It's difficult to imagine what life would be like without the ability to see, but "Assistive tech junkie" Karina Pikhart is working to improve at least some aspects of life without sight. Developed while she was a student at MIT, her 6dot labeler prints Braille onto standard DYMO tape using an embossing mechanism. The 6dot was named for the six dots used in the Braille system, and includes a built-in Braille keyboard for people familiar with the writing system, and the option to connect a standard QWERTY keyboard -- with characters converted in real-time, allowing the rest of us to print Braille labels as well. This incredibly practical system could literally end up being a life-saver for some blind people, who may not be able to identify pills that include only non-textured markings, for example.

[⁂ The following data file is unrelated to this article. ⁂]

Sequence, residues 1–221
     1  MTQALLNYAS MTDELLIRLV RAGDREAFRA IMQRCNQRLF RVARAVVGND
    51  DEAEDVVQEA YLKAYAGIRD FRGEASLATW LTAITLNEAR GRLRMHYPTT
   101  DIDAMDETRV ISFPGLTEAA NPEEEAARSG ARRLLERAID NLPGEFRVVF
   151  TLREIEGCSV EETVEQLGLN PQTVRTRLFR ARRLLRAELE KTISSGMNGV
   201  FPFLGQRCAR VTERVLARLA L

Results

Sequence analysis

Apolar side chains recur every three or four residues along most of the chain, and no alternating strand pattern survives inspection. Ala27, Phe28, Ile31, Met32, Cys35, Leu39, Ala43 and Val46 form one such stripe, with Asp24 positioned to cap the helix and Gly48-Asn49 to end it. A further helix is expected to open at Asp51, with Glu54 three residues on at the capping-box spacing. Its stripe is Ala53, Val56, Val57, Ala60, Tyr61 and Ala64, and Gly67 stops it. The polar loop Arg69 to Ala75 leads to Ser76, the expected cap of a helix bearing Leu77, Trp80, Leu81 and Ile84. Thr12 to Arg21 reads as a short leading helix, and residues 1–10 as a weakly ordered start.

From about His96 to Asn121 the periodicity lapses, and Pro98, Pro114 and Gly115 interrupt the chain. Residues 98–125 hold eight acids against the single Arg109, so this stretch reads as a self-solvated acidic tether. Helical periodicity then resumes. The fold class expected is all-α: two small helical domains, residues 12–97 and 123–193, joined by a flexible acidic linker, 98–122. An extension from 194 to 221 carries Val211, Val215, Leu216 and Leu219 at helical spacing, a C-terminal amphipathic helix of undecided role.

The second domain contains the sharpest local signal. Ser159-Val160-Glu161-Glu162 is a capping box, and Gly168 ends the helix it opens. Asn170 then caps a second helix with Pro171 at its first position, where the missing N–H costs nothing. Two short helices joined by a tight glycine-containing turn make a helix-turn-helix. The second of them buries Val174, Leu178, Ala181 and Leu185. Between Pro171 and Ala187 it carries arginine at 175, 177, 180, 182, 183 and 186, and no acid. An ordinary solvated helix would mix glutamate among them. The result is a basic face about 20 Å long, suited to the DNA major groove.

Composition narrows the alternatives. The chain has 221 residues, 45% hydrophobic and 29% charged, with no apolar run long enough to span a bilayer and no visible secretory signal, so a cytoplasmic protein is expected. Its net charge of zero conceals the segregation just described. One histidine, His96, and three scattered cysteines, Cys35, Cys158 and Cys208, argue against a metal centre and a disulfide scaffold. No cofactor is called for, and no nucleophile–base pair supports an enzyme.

Pikhart has turned to Kickstarter to fund her project, seeking $50,000 in pledges to get the Braille tape rolling. A $1,000 donation lands you one of the first available 6dot labelers, while lesser pledges will be rewarded with a variety of custom Braille souvenirs. Jump past the break to see it in action, or hit up the source link for the full scoop from 6dot.